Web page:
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Divided Britain? Polarisation and fragmentation trends in the UK

Research output: Book/ReportReport

Bobby Duffy, Kirstie Anne Hewlett, Julian McCrae, John Hall

Original languageEnglish
Commissioning bodyEngage Britain
Number of pages108
Publication statusPublished - 12 Sep 2019

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Abstract

As the results of the EU referendum were announced, political leaders were quick to say that the outcome had ‘revealed a divided Britain’, and have since asserted the need for politicians on all sides to unite and ‘bring the country back together, rather than entrenching division’. But the phrase ‘Divided Britain’ has taken root in our everyday lexicon and is now frequently used to capture a growing sense of social and political polarisation in our country, driven by the national split revealed and reinforced by the Brexit vote.

Headlines warn that we are seeing a ‘more tribalized Britain’, a nation more ‘bitterly divided’ than during the miners’ strike, the poll tax protests of the 1990s and the Iraq War. Politicians refer to ‘these increasingly polarised times’ with such frequency and certainty that it goes largely unquestioned.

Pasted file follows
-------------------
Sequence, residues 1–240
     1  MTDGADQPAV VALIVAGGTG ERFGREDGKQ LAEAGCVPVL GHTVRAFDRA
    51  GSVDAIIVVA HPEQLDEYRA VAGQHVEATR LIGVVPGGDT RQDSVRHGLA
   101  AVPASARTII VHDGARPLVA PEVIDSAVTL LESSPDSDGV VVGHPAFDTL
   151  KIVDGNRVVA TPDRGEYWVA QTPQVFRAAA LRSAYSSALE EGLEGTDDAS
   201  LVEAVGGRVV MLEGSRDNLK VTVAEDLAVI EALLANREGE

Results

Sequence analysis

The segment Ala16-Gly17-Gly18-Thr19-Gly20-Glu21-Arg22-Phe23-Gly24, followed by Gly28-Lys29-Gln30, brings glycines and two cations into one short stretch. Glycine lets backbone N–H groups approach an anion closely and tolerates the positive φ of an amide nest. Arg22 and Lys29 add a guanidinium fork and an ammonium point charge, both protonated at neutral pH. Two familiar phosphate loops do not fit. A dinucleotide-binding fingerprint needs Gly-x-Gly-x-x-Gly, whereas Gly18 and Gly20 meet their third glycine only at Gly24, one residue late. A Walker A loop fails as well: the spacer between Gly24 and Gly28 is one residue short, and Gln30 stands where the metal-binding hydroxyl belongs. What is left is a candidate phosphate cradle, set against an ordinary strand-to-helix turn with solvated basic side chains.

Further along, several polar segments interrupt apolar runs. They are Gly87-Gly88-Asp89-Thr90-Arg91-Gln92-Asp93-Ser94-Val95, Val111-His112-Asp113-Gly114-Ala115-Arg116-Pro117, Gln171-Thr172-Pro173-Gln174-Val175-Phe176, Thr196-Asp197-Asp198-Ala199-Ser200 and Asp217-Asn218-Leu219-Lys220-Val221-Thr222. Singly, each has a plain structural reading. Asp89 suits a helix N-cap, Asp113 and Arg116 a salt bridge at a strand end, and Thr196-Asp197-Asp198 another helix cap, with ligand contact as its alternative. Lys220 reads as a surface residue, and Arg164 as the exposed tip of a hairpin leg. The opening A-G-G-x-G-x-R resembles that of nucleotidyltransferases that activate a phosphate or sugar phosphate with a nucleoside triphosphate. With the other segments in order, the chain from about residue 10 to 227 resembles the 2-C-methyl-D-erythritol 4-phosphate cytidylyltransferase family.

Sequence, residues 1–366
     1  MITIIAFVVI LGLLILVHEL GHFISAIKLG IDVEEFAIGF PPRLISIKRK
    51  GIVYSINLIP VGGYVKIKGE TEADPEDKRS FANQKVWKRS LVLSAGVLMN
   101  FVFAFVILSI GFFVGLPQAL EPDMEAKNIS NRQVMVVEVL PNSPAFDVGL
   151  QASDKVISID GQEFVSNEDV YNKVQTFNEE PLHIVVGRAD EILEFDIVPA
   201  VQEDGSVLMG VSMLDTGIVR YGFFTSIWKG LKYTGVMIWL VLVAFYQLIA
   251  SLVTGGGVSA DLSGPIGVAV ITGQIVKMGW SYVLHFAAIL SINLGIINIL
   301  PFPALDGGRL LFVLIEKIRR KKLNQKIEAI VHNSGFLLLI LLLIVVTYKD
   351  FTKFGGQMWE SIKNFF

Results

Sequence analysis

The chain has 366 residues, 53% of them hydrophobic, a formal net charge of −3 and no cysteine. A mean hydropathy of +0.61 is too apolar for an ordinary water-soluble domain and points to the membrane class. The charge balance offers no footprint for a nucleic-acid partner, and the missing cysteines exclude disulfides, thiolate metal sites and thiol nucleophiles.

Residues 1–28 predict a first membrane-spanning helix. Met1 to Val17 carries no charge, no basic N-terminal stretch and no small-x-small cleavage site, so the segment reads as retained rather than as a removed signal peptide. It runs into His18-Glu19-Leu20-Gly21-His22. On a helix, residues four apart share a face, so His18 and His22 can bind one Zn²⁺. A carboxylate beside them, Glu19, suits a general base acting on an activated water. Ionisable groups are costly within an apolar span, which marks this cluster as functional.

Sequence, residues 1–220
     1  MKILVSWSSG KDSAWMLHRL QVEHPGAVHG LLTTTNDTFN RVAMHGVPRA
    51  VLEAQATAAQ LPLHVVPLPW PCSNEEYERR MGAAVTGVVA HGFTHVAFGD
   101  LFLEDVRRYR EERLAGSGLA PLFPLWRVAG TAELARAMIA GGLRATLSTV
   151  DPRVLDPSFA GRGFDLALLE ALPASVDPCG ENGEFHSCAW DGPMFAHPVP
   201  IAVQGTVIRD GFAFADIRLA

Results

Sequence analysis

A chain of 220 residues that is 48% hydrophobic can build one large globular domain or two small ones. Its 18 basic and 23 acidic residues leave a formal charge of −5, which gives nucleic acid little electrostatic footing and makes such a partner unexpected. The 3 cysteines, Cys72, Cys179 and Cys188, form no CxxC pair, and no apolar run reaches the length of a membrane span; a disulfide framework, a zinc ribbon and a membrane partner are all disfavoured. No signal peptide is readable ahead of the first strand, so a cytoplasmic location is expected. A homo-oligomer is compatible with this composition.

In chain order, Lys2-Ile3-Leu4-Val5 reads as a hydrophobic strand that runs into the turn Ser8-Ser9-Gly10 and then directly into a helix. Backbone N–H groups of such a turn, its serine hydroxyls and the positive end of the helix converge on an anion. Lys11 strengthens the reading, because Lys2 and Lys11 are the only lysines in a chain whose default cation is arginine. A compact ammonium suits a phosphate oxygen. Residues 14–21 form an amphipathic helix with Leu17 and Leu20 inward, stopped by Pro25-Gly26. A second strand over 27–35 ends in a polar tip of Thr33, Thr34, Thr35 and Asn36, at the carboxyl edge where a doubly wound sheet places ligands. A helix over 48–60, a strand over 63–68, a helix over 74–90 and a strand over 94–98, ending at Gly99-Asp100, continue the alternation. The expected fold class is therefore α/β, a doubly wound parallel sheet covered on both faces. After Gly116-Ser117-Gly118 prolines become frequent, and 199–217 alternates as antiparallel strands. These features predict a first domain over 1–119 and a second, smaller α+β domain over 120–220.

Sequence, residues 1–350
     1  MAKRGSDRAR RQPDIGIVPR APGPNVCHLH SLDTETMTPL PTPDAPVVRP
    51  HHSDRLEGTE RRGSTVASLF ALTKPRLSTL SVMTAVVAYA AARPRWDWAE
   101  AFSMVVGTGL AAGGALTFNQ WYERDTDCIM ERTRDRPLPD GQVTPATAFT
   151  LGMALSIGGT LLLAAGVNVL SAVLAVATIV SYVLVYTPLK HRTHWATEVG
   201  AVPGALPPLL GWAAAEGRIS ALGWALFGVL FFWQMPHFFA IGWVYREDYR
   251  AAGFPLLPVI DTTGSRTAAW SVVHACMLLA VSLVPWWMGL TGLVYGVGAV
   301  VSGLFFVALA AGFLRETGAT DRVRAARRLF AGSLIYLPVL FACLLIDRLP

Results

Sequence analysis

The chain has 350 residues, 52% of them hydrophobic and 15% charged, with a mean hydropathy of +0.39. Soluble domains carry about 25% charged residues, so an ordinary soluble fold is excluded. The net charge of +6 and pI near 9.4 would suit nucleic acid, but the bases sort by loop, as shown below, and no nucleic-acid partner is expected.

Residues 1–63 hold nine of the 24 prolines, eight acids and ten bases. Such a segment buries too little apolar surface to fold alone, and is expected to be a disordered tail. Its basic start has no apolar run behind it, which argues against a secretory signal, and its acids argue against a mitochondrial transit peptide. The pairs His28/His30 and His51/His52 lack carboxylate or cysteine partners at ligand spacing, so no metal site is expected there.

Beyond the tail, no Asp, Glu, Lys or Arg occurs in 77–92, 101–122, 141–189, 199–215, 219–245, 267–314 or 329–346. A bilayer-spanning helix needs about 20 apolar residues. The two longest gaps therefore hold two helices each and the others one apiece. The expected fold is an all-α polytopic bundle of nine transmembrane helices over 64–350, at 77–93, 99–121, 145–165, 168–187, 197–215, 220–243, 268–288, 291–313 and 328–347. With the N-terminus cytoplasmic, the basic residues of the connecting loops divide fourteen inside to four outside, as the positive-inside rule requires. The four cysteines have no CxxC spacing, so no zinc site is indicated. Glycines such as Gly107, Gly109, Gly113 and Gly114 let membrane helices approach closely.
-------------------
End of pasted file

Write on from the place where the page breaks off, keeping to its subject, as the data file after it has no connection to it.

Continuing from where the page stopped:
In some ways this is not surprising. Division is very clearly suggested by a near 50-50 vote in the referendum, alongside even the most casual scan of the survey evidence and fractious discussion around Brexit and our current politics.

But there is far less serious analysis of the nature and scale of the problem, based on clear concepts and definitions. Too often, terms such as ‘division’ and ‘polarisation’ are used interchangeably, accepted as synonymous and universally understandable, when they are distinct, complex and contested concepts.

Encouraging more precision in how we define polarisation and the evidence supporting it, as this report attempts to do, is not an exercise in academic pedantry. Understanding the true position and trajectory helps point to actions and avoid risks, such as talking ourselves into problems we don’t have, or missing what’s really happening and therefore overlooking likely future trends.

This report outlines conceptual frameworks that are relevant to this debate – distinguishing, in particular, between issue-based and affective forms of polarisation, as summarised in Figure 1. Using these frameworks, we then review the available evidence of polarisation in the UK (including a comparison with the US and Europe) and reflect on what this may mean for the UK’s future.

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